To the extent you can distinguish between Carter abroad and Carter at home - between effective conduct of foreign policy and a capacity to deal successfully with domestic problems - it strikes me that the Carter handling of foreign policy is a lot more productive than sometimes made to appear. There is nothing fundamentally wrong with it and much that is sound and sensible about it. The public perception of it could be improved immeasurably by, let us say, a full tank of gasoline on Friday or a close to zero inflation rate, or even by nothing more than the appearance of an administration more deft and sure-handed in its management of the fundamental things - relations with Congress, party leaders and, in a certain sense, itself.

But that, of course, is not the appearance. There is a powerful sense that Jimmy Carter can't cope. That he can't lead, or inspire, or reassure, in the manner of a Roosevelt, or a Kennedy, or an Eisenhower. Some say it's simply because he can't communicate. Whatever it is exactly, it's reflected in the polls and the commentary and - which may be the most devastating indicator of all - the jokes going the rounds. In one such, the president is playing bridge. Hia opponent on his left bigs one club. His partner bids one diamond. His opponent on his right bids a heart. The president says, "I bid two." "Two what?" somebody naturally asks. "Trust me," the president replies.

So the columnists and commentators are baffled - a state of mind, with columnist and commentators, that tends to express itself in absolutes. Or in cliches: Carter doesn't understand leadership, for example. Or he has lost control of foreign policy. Or he has no policy. And so it goes. Perhaps someday somebody will solve the Jimmy Carter mystery. In the meantime, one way to judge him is to forget the mystery and examine the record. And one way to do that is to measure his first two years and a little more against the experience over a comparable span of other recent presidents.

By about this time in his presidency, Dwight Eisenhower had approved CIA-supported coups in Iran and Guatemala. John Kennedy had bungled the Bay of Pigs and so misrepresented his will and resolve to Nikita Khrushchev that we had, in quick and frightening succession, a Berlin crisis and Soviet missiles in Cuba.Lyndon Johnson had dispatched combat troops to South Vietnam and the Dominician Republic, dealt inconclusively with riots in Panama, intervened in the Chilean elections by not-so-covert CIA activity, begun bombing North Vietnam. Richard Nixon had widened the Vietnam War to Cambodia and Laos. Gerald Ford had suffered roughly 40 U.S. Marine casualties, directly or indirectly, in order to rescue about an equal number of crewmen from the Mayaguez. Saigon had fallen; the frantic American evacuation was a humiliation.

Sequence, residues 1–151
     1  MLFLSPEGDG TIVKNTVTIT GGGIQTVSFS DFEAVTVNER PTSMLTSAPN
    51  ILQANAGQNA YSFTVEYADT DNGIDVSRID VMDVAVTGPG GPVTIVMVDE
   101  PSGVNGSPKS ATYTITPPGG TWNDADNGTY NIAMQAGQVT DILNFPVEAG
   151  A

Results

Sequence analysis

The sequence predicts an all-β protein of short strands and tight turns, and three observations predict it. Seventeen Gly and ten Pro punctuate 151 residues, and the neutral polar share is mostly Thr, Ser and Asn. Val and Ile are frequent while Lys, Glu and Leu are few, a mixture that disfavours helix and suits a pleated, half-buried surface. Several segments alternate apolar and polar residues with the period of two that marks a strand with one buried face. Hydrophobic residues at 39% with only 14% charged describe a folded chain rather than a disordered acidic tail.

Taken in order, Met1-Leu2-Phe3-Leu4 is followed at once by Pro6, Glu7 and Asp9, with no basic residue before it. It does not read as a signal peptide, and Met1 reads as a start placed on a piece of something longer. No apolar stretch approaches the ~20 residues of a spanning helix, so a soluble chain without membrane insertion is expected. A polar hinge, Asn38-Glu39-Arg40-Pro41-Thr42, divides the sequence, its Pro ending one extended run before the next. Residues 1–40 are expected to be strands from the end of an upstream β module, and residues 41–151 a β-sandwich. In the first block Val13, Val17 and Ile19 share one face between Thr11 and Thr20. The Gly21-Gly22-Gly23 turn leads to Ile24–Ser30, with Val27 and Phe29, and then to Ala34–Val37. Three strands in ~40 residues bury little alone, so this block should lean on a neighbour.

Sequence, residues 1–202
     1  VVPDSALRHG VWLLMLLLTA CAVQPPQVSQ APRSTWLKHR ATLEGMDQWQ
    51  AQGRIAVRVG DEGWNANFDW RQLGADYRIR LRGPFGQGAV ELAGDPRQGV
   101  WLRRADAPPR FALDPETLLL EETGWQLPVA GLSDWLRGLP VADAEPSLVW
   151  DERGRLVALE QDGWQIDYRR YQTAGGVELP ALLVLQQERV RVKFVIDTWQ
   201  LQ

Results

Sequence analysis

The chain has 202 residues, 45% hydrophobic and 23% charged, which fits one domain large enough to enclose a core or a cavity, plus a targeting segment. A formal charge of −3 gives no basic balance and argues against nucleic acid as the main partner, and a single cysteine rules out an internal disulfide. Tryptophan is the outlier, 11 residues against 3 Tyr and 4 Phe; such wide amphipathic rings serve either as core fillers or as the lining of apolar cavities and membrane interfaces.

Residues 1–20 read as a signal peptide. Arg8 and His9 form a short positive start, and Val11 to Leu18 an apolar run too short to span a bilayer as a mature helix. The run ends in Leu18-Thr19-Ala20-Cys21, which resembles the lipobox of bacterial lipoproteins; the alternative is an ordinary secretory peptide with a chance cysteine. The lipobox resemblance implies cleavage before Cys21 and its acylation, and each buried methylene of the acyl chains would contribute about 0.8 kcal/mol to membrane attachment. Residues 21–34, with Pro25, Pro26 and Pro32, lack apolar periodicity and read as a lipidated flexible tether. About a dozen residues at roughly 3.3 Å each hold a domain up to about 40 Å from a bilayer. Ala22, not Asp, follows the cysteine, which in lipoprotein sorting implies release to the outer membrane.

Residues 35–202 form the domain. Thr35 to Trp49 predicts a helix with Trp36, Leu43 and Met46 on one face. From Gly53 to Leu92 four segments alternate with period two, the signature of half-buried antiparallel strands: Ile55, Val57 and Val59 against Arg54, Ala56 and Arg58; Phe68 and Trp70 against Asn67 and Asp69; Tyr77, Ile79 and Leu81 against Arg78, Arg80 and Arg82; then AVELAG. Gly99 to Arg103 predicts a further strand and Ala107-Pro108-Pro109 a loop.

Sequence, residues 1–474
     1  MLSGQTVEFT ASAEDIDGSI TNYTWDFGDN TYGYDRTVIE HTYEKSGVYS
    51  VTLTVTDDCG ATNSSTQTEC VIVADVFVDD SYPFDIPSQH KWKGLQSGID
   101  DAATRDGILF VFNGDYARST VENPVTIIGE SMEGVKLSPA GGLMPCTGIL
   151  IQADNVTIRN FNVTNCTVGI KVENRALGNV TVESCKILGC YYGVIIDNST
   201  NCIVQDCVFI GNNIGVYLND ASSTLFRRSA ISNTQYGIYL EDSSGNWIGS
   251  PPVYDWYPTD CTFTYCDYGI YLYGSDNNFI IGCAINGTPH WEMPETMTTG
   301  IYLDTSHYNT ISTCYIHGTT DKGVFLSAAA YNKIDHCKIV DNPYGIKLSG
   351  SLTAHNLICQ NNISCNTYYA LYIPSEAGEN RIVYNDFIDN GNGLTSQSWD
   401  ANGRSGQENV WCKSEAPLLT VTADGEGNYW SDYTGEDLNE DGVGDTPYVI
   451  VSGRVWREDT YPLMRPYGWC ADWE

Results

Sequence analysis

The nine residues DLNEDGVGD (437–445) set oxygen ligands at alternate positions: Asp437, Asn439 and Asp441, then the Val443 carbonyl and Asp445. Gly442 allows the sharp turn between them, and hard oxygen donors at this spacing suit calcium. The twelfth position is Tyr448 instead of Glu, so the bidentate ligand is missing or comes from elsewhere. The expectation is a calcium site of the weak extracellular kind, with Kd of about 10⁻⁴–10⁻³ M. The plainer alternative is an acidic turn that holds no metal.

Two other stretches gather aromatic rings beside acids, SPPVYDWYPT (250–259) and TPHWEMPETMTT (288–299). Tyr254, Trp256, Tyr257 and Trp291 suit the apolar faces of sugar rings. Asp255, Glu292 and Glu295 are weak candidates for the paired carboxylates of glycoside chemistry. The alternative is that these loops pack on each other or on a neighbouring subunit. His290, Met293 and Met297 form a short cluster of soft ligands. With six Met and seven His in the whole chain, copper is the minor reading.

And Jimmy Carter?

To begin with, no war, no military involvements and, so far as we can tell, no abortive, covert CIA activities. And on the plus side, in terms of his purposes if not necessarily everybody's, a Panama Canal treaty that four predecessors tried unsucessfully to achieve.

Similarly, the lifting of the Turkish arms embargo does not pave the way, necessarily, for a settlement, but it does remove an insurmountable obstacle, and Carter fought that issue successfully in Congress, as well. I am not going to get into the interstices of SALT II, but here again Carter has brought to fruition a diplomatic enterprise that eluded his immediate predecessors. And he did the hardest part of normalizing relations with China, on terms Congress accepted - and this time the Chinese came to see us.

Finally, in the Mideast, Carter won congressional acceptance of the sale of military aircraft to Egypt and Saudi Arabia, which was central to his strategy for arranging a peace treaty between Israel and Egypt - a treaty that constitutes far and away the most substantial advance in the direction of a comprehensive Mideast settlement in the entire 31-year history of the Arab-Israeli conflict. Some say it won't work - that it will actually operate to preclude further agreements. that Anwar Sadat will be overthrown, that terrorism will grow, that shuttle diplomacy is beneath the dignity of a president. And there may be a little truth to all of that - there is a little truth to almost everything that is said about the Mideast. But it is my belief that if Carter is remembered for nothing else he will be well and favorably remembered for the courage and the skill with which he personally brought to a constructive conclusion the Egyptian-Israeli peace treaty.

If this is beginning to sound like an apologia, so be it. It is intended as a balancing of the account. Jimmy Carter does not even always do good things badly. But he has done, in my judgment, no bad things that have turned out to be irretrievable. And he has been operating in the aftermath of Watergate and Vietnam, when the popular inclination to show the flag is counterbalanced by a contradictory and equally powerful disinclination to get involved, at a time when the polls suggest that a clear majority of the American public is fearful of a loss of American influence in the world but an even larger majority cannot think of any situation other than an attack on the United States itself that would justify sending American troops to fight overseas.

In 1976, in the autobiographical campaign tract he so presumptuously entitled "Why Not The Best?," Carter had this to say:

"There is no possible means of isolating ourselves from the rest of the world, so we must provide leadership. But this leadership need not depend on our inherent military force, or economic power or political persuasion. It should derive from the fact that we try to be right and honest and truthful and decent."

Soft-headed pap? Perhaps, but you could also call it a return to first principles. CAPTION: Picture, no caption, By Frank Johnston - The Washington Post